|From:||Mark Jones <markjjones@...>|
|Date:||Thursday, July 12, 2007, 7:19|
The idea that there is a single 'correct' articulation of any sound for a
given language is a misnomer - when instrumental studies are done, huge
amounts of individual variation are found. This is particularly
understandable in the case of fricatives like /s/, where differences in
vocal tract geometry (height of the palatal arch, gradient of the alveolar
ridge, dentition) have a huge impact on the generation of turbulence.
Sometimes the effects are gross enough to result in qualitatively different
articulations as we classify them using e.g. IPA symbols, but variation
across speakers (and within speakers across contexts) is the norm.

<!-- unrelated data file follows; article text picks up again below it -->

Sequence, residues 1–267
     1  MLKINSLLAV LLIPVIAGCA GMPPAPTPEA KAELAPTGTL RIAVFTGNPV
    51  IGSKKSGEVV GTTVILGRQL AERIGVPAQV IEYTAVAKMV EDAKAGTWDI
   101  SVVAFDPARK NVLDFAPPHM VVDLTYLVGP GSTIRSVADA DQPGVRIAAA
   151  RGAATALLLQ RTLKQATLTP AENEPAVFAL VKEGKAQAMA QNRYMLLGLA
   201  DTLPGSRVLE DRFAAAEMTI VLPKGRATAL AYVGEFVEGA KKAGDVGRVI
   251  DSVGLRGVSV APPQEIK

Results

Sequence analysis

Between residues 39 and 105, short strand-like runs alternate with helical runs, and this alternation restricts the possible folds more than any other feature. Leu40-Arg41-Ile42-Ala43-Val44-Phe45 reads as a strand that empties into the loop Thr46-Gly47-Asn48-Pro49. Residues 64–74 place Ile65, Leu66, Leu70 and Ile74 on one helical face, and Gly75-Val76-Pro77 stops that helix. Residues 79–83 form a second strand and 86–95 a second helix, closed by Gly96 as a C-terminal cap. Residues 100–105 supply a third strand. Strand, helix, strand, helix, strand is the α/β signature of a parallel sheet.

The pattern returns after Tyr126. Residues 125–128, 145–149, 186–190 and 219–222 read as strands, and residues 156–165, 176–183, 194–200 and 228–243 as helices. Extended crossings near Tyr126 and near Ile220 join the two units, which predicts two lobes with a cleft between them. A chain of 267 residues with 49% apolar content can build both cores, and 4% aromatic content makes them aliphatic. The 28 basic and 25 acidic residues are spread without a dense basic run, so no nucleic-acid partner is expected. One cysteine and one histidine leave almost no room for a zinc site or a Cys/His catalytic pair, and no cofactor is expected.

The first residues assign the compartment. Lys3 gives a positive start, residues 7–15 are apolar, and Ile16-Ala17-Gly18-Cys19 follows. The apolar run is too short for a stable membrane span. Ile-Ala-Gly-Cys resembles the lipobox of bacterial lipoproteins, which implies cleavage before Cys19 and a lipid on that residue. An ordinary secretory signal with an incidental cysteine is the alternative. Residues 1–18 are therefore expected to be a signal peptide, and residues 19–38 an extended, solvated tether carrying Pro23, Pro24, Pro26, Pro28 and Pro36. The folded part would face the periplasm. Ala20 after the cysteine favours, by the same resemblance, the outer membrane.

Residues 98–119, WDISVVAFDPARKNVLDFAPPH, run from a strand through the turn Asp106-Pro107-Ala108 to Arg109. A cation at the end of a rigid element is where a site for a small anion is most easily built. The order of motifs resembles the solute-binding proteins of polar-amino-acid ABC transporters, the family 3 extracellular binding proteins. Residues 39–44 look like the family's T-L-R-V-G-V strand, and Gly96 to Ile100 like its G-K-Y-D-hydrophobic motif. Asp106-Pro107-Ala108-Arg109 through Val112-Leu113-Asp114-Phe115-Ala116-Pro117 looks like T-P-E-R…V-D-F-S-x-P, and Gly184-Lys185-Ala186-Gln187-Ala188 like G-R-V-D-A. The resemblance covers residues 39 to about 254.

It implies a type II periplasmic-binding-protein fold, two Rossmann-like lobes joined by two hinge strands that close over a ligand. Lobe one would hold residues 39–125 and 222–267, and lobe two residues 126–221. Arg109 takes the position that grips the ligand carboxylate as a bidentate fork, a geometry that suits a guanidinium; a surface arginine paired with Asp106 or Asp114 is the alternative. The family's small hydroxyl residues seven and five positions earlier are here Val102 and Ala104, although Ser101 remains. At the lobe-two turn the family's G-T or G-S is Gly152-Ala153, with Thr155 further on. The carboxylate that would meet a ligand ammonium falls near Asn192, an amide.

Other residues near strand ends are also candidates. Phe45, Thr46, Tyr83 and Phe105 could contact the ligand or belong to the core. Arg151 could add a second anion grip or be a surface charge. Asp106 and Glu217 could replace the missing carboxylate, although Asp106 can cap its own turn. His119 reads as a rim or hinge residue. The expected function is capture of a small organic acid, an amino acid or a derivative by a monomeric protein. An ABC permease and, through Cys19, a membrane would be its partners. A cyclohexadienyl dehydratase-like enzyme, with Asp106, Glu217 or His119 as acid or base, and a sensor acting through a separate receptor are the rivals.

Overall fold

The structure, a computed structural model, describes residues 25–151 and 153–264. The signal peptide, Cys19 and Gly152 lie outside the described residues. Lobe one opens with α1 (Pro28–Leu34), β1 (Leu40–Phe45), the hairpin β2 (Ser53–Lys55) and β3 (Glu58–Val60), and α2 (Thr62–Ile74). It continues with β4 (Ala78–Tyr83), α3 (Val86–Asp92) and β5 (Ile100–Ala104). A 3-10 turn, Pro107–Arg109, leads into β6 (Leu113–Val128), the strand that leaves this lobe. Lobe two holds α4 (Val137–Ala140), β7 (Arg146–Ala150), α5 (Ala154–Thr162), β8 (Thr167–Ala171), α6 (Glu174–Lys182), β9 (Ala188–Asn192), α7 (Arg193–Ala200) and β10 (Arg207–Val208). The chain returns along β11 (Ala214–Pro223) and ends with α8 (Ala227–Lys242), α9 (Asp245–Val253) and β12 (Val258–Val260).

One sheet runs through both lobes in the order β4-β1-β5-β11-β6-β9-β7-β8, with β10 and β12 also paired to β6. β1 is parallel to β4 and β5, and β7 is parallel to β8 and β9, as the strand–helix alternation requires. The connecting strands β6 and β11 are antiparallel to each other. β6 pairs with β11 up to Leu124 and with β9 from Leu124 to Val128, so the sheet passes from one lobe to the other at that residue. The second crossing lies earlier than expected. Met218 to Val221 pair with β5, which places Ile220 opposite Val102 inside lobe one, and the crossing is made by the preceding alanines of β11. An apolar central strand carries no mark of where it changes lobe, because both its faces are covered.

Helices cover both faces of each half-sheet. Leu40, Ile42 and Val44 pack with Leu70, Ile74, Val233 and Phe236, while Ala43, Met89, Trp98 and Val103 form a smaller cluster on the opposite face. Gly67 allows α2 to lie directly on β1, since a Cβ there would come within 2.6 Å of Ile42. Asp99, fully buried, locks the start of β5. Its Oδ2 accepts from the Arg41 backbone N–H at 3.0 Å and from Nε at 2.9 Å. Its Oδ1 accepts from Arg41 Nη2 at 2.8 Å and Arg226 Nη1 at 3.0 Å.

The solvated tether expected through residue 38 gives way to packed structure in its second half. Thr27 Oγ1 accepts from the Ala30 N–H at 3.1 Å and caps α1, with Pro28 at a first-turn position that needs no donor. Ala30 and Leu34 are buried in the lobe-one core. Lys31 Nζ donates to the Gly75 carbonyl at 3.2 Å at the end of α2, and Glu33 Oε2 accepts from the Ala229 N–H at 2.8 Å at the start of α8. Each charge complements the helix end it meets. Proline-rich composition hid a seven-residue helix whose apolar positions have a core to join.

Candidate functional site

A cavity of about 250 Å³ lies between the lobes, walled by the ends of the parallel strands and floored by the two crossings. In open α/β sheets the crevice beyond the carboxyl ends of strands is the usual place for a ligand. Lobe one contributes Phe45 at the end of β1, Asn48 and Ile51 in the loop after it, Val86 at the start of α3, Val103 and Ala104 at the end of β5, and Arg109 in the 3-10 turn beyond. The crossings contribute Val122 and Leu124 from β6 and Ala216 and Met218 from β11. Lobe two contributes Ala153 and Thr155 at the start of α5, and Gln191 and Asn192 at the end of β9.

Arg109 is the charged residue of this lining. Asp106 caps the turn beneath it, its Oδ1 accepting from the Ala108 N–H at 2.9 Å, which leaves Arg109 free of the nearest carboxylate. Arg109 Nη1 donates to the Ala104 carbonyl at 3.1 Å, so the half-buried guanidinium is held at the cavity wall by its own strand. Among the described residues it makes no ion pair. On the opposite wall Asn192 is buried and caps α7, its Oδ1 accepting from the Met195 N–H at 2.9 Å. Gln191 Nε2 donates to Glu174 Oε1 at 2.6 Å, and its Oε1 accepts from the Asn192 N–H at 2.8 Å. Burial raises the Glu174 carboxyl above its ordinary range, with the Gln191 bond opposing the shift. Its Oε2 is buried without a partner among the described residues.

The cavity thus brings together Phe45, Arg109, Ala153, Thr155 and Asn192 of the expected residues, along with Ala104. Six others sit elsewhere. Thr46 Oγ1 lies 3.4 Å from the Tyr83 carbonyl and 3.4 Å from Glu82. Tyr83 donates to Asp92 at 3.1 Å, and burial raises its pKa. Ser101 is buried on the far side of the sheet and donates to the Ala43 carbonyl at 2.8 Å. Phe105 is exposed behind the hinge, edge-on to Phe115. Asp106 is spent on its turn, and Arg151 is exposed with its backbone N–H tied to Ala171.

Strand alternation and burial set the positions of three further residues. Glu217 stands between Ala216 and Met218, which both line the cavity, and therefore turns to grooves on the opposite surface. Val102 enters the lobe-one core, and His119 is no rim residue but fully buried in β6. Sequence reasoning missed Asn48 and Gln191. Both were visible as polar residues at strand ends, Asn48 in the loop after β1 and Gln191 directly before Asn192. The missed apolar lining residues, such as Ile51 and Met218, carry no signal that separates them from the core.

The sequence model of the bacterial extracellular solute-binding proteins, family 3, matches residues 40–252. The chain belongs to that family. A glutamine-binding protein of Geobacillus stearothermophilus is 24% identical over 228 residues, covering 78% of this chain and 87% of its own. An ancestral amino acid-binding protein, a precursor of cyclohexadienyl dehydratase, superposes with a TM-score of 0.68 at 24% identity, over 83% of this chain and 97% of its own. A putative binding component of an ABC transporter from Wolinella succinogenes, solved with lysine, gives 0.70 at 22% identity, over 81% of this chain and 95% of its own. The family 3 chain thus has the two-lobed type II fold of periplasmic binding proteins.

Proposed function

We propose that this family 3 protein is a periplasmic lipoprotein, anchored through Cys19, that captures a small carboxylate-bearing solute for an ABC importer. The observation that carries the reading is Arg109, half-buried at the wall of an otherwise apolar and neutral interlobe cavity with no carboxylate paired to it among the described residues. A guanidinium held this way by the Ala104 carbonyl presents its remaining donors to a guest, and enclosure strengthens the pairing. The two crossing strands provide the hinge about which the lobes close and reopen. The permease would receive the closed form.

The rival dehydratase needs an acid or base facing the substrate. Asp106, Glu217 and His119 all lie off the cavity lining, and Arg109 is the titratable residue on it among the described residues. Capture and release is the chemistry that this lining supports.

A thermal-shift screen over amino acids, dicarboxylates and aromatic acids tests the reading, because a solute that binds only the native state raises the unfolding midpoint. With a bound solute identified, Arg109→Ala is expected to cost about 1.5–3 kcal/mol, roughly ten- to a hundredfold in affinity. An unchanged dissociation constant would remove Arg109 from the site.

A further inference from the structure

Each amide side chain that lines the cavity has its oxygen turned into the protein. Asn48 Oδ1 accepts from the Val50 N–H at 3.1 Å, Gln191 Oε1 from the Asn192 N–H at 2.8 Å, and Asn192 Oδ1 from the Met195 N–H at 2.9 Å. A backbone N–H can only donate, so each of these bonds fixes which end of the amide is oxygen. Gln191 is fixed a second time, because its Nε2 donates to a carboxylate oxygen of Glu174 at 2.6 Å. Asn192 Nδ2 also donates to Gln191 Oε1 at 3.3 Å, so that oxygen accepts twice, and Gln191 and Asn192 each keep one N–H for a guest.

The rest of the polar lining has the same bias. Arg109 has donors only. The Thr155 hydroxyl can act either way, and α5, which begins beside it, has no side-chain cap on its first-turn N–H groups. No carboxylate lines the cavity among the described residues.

Research carried out on American English and Parisian French by Sarah N.
Dart at UCLA in the 90's demonstrated that only around half the English
speakers had the expected alveolar /t/, and a similar proportion of French
speakers had the expected dental /t/. The fricatives were more constrained
but there were differences there too, and, as research on Swedish has also
shown, some speakers have a different articulation in /t/ from /d/, not just
a voicing difference (though there are aerodynamic reasons why you might
have a different place in /t/ and /d/ which are to do with voicing).
Mark J. Jones
British Academy Post-doctoral Research Fellow
Department of Linguistics
University of Cambridge
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